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Tony Yearsley

Definition of a tracker action

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Only recently have I discovered this fascinating website, trawling through most of the past discussions. I have had a lifelong interest in all aspects of organs and the repertoire. Recently I had the fortune to try the Frobenius organ in Kingston Parish Church. I understood this to have tracker action and wished to experience a relatively modern instrument, as I have only played earlier organs with very heavy action, particularly when coupled.

Imagine my surprise to find that the light action on each manual when coupled did not increase so that the ability to articulate the starting tone must be lost on the manual to which coupled. Can this be described as a tracker or mechanical action when coupling is achieved by non-mechanical means?

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Hi

 

Tracker action indicates a direct mechanical link between key and pallet. Certainly, if that's the case, apart from couplers (although to be fair, the vast majority of tracker organs have mechanical couplers) it would be regarded as tracker - perhaps with the addition of a note that coupling is electric.

 

I'm not sure what type of coupling the Kingston organ has - NPOR just lists the action as Tracker, with electric stop actions.

 

Every Blessing

 

Tony

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The coupling may have been further back in the action train, but in any case one can't possibly control the articulation on a manual which is played through a coupler (not starting another argument about whether it's a good thing on uncoupled manuals :) ). Once you put a mechanism between the player and the key, any chance of control is gone.

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Logically, I would say that there is still some cotrol via mechanical couplers - I don't currently have acces to more than a 1m trascker organ to try it out though - and of course, a lot depends too on the pipe voicing as to the difference any attempts at articulation make to the sound.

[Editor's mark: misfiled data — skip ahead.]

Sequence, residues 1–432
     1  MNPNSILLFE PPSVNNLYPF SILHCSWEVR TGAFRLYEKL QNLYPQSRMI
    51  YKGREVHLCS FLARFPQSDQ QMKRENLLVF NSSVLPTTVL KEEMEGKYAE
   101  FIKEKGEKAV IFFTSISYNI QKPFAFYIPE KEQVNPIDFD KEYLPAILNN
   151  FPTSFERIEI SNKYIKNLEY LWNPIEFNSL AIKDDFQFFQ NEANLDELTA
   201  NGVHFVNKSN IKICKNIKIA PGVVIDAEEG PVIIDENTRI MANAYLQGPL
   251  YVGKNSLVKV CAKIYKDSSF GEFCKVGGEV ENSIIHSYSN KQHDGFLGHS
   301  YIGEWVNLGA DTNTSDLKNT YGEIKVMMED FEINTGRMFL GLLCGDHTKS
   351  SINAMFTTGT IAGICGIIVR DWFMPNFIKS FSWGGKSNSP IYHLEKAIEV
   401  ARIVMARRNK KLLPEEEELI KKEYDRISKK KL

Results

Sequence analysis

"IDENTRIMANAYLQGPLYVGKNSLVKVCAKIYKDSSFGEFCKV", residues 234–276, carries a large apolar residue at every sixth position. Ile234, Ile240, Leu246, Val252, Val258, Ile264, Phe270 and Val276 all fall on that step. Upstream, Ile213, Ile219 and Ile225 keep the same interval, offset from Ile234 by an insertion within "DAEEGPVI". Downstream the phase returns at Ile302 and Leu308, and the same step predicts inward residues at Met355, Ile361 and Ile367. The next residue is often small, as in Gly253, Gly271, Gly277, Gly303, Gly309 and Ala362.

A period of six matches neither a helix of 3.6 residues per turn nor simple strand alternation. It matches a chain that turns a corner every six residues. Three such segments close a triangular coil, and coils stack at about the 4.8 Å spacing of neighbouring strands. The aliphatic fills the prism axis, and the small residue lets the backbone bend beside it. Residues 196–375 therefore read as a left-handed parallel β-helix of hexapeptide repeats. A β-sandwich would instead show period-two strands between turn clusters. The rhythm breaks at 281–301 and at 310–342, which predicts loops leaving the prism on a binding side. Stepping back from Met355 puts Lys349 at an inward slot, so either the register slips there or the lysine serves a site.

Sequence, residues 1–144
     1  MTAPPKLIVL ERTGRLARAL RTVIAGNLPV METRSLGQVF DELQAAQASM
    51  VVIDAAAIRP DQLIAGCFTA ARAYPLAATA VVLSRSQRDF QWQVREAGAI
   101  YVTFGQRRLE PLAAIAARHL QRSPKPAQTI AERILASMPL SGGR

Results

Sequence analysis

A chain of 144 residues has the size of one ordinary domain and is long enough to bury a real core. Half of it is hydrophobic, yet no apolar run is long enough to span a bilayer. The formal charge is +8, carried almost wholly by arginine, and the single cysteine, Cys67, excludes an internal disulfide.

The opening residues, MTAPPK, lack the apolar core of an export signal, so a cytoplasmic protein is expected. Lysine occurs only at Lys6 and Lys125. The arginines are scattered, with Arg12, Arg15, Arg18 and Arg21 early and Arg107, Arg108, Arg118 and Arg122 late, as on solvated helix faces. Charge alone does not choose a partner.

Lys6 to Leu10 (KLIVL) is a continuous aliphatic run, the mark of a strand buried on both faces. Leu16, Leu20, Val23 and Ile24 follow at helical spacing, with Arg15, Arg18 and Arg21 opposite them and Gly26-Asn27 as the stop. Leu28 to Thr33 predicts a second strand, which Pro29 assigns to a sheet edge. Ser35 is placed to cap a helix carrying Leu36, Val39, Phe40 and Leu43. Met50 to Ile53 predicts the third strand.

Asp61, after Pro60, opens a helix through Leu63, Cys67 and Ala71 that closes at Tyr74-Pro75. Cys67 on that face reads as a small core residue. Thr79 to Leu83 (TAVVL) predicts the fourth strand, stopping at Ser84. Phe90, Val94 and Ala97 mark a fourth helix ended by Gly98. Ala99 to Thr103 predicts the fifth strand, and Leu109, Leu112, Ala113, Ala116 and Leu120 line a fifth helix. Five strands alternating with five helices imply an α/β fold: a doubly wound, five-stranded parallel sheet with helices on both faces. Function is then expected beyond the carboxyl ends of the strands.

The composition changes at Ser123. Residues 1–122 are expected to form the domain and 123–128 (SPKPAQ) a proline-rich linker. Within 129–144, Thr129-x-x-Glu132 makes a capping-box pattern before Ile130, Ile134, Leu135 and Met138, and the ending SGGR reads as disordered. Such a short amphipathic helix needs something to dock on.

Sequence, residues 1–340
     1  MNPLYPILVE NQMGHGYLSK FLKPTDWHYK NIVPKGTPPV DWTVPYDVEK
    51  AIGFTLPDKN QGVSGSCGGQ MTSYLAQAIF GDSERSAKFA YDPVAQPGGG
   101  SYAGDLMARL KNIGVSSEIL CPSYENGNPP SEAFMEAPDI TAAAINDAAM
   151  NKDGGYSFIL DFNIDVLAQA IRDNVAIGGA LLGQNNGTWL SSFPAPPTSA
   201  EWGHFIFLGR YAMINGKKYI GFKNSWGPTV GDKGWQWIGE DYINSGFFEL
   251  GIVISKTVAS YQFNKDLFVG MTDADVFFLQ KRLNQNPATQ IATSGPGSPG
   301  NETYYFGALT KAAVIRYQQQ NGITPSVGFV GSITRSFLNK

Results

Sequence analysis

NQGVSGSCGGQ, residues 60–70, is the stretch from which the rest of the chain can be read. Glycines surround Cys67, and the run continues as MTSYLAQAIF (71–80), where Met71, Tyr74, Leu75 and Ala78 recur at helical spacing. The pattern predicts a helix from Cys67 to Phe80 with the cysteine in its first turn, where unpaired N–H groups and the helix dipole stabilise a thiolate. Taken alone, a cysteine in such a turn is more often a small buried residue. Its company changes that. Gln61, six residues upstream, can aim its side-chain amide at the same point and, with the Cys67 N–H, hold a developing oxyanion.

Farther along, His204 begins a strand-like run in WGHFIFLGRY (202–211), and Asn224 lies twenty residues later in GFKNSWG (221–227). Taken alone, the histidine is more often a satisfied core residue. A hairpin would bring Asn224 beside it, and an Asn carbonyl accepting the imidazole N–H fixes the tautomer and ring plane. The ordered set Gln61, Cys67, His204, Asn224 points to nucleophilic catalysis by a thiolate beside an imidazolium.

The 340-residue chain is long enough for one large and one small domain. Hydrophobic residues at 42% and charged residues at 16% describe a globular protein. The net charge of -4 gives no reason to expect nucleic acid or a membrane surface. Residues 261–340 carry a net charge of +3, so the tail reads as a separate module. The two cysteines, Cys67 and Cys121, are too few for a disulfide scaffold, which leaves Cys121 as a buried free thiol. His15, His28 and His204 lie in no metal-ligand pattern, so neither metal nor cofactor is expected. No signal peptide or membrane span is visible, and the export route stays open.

Every Blessing

 

Tony

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s someone who does actually play a tracker organ with a modern suspended action, I can tell you that it is impossible to affect the speed of pipe-speech; even using a thumb and a finger on one note, and levering it down very slowly.

 

I have played organ in the Neherlands with much deeper key-travel, but even there, affecting the speed of pipe=speech is probably optimistic.

 

I wonder if it isn't more psychology than actual control, though I would be happy to be proven wrong.

 

Best,

 

MM

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The coupling may have been further back in the action train, but in any case one can't possibly control the articulation on a manual which is played through a coupler (not starting another argument about whether it's a good thing on uncoupled manuals :) ). Once you put a mechanism between the player and the key, any chance of control is gone.

 

But not every coupler does put a mechanism between the player and the key does it? What about shove couplers?

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s someone who does actually play a tracker organ with a modern suspended action, I can tell you that it is impossible to affect the speed of pipe-speech; even using a thumb and a finger on one note, and levering it down very slowly.

 

I have played organ in the Neherlands with much deeper key-travel, but even there, affecting the speed of pipe=speech is probably optimistic.

 

I wonder if it isn't more psychology than actual control, though I would be happy to be proven wrong.

 

Best,

 

MM

 

But what about release of the note? Is that more feasible?

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s someone who does actually play a tracker organ with a modern suspended action, I can tell you that it is impossible to affect the speed of pipe-speech; even using a thumb and a finger on one note, and levering it down very slowly.

 

I have played organ in the Neherlands with much deeper key-travel, but even there, affecting the speed of pipe=speech is probably optimistic.

 

I wonder if it isn't more psychology than actual control, though I would be happy to be proven wrong.

 

Best,

 

MM

 

Thank God for that! I feel less of a heretic than I have for the last forty years......

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Hi